No, a month was too easy. Too easy for me to defeat. Too easy for me to outlast.

Well, what about two months, like Mike's practice? No, I could do that too.

I was just dancing around the challenge at this point.

It had to be a year.

It had to be something long enough that I couldn't just wait it out. Long enough that I couldn't just sit back and daydream about the 32nd or 61st day.

I haven't wanted to share this with you, because then it makes it real. Like, as soon as I write the words, it immediately calls forward my integrity.

Ironically, my integrity is on the line the second I created the thought that it had to be a year. But now my thoughts and my words are in alignment, and the only thing remaining is my actions. The only difference is that if I haven't spoken my truth, it's easier for me to hide being out of integrity from you. It still has an impact on me — it's just easier to keep hidden.

So, let's put it out there — that's the challenge.

It's easy for me to create concerns and solid, reasonable objections to a practice like this:

  • I have friends that I love having a drink with
  • My Dad and I like drinking scotch together
  • I love the taste of beer
  • I'm literally bottling two batches of beer on the day I write this. They won't last a year!
  • Why not just have a hard limit, like one drink a week? Then I could still enjoy it!
  • Etc.

It's kind of funny if you replace drinking with smoking crack and then look at each of those objections again.

And all of these things are made up anyway. Sure, I have friends that I love having a drink with, but is there something magical about that drink that means it's impossible to connect with my friends any other way? (and if so, what's up with that friendship?).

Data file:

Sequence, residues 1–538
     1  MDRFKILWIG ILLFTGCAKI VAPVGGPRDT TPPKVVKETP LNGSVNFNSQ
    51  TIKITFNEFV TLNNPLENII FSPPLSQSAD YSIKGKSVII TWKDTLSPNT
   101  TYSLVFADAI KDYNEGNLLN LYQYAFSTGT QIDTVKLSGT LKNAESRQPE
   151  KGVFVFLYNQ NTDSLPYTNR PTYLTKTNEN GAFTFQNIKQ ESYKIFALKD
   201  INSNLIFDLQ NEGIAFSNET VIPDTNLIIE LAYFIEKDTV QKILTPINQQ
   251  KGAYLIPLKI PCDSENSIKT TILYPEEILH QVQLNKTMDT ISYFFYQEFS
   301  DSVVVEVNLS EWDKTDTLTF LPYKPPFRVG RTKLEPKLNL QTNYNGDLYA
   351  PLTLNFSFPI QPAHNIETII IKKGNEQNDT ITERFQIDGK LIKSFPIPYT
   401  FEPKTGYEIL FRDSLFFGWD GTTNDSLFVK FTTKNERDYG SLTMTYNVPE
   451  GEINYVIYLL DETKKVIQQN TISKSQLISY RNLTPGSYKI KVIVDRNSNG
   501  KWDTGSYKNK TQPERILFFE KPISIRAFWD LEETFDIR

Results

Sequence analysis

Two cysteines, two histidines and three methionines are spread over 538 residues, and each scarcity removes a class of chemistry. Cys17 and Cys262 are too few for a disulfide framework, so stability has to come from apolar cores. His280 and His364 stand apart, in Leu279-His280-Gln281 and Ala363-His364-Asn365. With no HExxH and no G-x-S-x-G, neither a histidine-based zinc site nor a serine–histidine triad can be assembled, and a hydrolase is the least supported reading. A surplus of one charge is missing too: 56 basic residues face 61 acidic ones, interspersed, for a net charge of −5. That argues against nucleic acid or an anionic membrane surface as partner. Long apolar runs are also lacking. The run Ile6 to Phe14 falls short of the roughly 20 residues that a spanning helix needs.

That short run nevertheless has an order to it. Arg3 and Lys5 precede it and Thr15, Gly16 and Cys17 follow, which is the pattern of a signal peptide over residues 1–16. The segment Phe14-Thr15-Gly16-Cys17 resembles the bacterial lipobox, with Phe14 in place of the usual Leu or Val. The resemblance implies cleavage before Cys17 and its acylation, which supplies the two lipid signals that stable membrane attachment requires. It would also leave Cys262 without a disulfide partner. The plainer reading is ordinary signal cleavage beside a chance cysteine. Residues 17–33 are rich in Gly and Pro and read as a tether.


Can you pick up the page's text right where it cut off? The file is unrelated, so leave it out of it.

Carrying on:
What I don't want to share with you is that I included masturbation in my commitment too. As it turns out, when drinking isn't an option to relieve boredom, a fast (and sometimes furious) orgasm is the follow-up option.

Here's something else I don't want to share with you — I drafted this post up yesterday, and then went out and drank beer while bottling it. Already I'm out of integrity with my commitment. You know what you do when that happens? You own the damn thing and move on.

Since I made the commitment, some funny things have happened:

  • I look for other habits to fill the boredom with (see the paragraph above). I've been binge-cooking like crazy. Our fridge is filled with calzones, stir-fries, and our freezer stocked with pizza dough.
  • People make it mean something about them when I share this with them. They start explaining to me why it's okay for them to have a drink, or why their relationship with alcohol is fine. (Okay, but who are you trying to convince of that fact, and why?)

Here's two of my favourite things I noticed. First, I always found the first ten minutes or so of a social gathering awkward. Any time I met up with someone, things would be a little tight from about the time we sat down to just after the first couple of sips of beer.

Much to my terror, that was every bit as present when I met up with someone sober. But here's the cool thing: IT STILL GOES AWAY AT ABOUT THE SAME TIME. Falling in to that state of comfort isn't a factor of liquor, it's a factor of time.  Groundbreaking awareness.

Second, I noticed that after we get over that initial hurdle, I'm still a blast to be with. One of my colleagues (the powerful and amazing Jodi Larson) once told me, in response to me sharing my fears that I was awkward and uncomfortable to be around, "Adam, trust that you're a gift".

In a way, letting go of this crutch is in service of empowering that trust.

So, what I want to know is:

  • What are you unwilling to let go of, that you know is a bit of a crutch for you? Are you willing to share it with us?
  • What would be possible in your life, if you let go of that thing completely — if it wasn't a necessary or automatic component in your life?

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I love you. (I really do!)